Turn a Roman Canteen - Popular Woodworking Magazine

Turn a Roman Canteen

 In Popular Woodturning, Techniques, Turning

Tim offers a project that gives you a chance to practice rounding and hollowing in two dimensions.

The project? A flask shaped like a Roman canteen that features a goncalo alves body with ebony accents on the sides and a cocobolo stopper.

Making the project involves simple techniques but you do have to work each piece of wood in several dimensions, so it’s a fun challenge to build.

Tim starts by mounting the goncalo alves on a screw chuck so he can shape one side and cut a dovetailed recess for later re-mounting.

Then, he mounts the blank between centers to round it top to bottom. As you’ll see, you have to be very careful with these cuts because your tool is only contacting wood about a quarter of the time. To absorb the bounce during these cuts, Tim uses with a heavy-duty, 3/4-inch bowl gouge.

When he’s satisfied with the shape of the canteen, Tim turns a dovetailed tenon on the foot for later re-mounting, then shapes the foot and the spout. He uses a spindle gouge and detail tool to cut the coves and beads on the foot, then uses the sweptback spindle gouge to shape the neck for the spout.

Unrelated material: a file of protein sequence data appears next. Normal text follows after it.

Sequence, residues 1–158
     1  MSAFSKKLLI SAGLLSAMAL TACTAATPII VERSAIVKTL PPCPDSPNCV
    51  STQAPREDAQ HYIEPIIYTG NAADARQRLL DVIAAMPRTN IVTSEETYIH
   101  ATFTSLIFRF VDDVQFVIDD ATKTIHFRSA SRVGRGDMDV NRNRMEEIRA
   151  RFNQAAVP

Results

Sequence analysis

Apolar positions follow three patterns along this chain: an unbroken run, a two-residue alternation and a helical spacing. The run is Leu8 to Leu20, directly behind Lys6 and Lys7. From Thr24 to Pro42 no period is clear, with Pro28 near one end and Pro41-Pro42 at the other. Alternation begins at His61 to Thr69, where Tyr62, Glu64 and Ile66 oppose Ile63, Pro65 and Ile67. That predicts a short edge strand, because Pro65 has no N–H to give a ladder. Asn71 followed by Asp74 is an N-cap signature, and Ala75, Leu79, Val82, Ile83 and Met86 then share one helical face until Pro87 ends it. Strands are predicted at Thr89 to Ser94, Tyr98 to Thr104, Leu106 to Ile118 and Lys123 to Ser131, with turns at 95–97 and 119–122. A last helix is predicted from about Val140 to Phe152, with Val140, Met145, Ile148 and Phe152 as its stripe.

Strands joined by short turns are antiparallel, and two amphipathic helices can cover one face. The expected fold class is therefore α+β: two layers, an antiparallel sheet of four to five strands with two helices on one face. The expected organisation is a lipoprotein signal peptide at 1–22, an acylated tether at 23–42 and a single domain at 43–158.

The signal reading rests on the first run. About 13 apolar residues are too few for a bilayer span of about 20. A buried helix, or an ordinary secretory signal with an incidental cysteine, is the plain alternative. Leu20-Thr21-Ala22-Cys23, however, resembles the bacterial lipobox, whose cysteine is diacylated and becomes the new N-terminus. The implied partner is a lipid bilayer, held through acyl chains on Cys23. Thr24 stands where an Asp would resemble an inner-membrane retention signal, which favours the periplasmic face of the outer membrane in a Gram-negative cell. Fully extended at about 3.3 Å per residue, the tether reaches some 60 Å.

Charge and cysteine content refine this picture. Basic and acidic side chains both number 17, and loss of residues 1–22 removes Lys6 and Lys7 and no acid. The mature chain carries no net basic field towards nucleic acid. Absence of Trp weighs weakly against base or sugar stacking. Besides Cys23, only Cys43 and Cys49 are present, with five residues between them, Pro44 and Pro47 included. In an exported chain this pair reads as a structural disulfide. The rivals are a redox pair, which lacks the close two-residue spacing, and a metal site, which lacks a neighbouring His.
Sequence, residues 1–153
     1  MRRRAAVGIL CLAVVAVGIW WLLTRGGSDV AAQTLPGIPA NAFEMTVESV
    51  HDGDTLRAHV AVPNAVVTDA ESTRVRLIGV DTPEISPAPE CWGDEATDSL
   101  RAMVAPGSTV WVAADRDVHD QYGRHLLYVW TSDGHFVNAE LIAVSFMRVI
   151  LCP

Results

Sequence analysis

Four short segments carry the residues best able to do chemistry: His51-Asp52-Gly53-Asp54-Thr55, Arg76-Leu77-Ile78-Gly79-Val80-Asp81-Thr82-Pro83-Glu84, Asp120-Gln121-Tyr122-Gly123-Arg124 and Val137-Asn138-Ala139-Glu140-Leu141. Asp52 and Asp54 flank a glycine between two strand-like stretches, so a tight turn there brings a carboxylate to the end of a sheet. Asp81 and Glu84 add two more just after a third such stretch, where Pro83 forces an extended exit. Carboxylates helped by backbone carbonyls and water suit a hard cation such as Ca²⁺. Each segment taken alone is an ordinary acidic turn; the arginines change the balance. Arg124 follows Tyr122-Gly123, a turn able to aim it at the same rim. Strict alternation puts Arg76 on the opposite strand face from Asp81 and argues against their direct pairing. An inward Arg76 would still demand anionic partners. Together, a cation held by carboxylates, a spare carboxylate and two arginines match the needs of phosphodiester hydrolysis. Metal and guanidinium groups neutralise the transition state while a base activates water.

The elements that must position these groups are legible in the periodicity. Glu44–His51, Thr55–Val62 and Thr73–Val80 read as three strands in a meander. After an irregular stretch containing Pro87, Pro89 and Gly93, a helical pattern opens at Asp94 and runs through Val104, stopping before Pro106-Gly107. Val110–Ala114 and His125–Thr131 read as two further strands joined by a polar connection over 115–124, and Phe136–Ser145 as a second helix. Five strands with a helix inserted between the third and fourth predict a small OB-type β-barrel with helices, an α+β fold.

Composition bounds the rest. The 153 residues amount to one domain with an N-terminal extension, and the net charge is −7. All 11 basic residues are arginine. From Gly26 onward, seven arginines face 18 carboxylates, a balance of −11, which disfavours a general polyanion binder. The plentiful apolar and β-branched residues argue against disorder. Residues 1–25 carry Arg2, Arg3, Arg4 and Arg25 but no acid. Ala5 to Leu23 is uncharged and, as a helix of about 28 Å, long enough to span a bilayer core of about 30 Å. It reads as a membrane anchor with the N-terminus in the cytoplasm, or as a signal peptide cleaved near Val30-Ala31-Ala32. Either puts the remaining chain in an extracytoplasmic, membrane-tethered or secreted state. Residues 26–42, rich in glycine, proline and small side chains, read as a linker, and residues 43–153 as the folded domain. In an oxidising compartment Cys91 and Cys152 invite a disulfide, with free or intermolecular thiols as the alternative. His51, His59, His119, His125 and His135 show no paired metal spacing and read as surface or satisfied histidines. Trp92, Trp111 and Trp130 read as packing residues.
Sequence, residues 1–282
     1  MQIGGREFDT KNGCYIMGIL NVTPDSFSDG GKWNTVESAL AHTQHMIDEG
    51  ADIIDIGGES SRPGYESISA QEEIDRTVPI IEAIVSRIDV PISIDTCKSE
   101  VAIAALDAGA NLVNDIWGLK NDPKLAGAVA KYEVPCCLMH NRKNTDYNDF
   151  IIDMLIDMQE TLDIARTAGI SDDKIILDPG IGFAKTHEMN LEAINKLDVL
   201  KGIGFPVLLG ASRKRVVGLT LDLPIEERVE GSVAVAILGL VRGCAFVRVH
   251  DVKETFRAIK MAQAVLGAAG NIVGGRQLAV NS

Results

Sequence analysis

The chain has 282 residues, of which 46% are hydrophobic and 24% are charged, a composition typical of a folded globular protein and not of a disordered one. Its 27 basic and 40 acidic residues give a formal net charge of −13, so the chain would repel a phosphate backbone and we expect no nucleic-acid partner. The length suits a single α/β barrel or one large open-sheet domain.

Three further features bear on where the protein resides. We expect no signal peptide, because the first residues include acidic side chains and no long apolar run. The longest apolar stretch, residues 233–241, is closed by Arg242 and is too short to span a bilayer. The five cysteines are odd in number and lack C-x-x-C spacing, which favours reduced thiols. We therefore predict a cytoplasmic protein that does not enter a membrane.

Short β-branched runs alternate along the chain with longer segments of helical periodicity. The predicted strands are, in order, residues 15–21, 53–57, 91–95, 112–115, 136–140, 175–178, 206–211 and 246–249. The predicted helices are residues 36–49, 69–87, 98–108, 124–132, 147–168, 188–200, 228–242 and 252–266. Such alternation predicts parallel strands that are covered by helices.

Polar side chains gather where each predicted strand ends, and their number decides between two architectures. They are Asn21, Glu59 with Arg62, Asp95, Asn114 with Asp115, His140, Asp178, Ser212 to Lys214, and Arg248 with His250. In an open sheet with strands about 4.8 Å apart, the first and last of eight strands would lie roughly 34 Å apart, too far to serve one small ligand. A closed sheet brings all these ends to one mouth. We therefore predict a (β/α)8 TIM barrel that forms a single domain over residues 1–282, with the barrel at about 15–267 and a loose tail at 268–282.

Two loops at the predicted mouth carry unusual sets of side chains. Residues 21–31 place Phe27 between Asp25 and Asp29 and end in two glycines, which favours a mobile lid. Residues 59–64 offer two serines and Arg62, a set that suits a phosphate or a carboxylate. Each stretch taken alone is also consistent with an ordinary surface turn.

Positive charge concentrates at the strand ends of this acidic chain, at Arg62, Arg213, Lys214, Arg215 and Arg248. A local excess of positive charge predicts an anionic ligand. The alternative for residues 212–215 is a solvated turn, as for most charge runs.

Before moving on to the next stage, Tim next uses a power sander with a soft pad to smooth the sides of canteen. Then, he mounts the blank on the dovetailed tenon he cut below the foot and uses a Forstner bit in the tail stock to drill a hole for the spout.

After flaring the flares the sides of the hole with a 1/4-inch sweptback bowl gouge, he mounts the blank on the dovetailed recess he earlier cut in the side and then drills a 1 1/2-inch wide hole in the opposite side to create an opening through which he can hollow the interior. Since he only has to hollow an inch or two, he uses a swan neck tool with carbide cutter to work the interior.

Next, Tim reverses the blank and shapes the other side to match. Then, it’s on to the ebony blank for the end decorations. He cuts dovetails on each end of the ebony, uses a thin parting tool to split the blank then mounts each piece in his chuck to shape it and cut decorative grooves.

Finally, with the other parts complete, he turns the cocobolo stopper to shape and assembles the parts.

Finishing the project is easy but does take two steps. Tim uses a hand-rubbed polyurethane on the outside of the canteen itself. But because cocobolo is too oily to take most finishes, he uses hard wax on the stopper.

As you can see, there’s a lot of back and forth to shape the parts for this canteen, but it’s still a project you can finish in a quick day in the shop. And when you’re done, you’ll have a beautiful flask to store your favorite drinks.

Kevin Ireland

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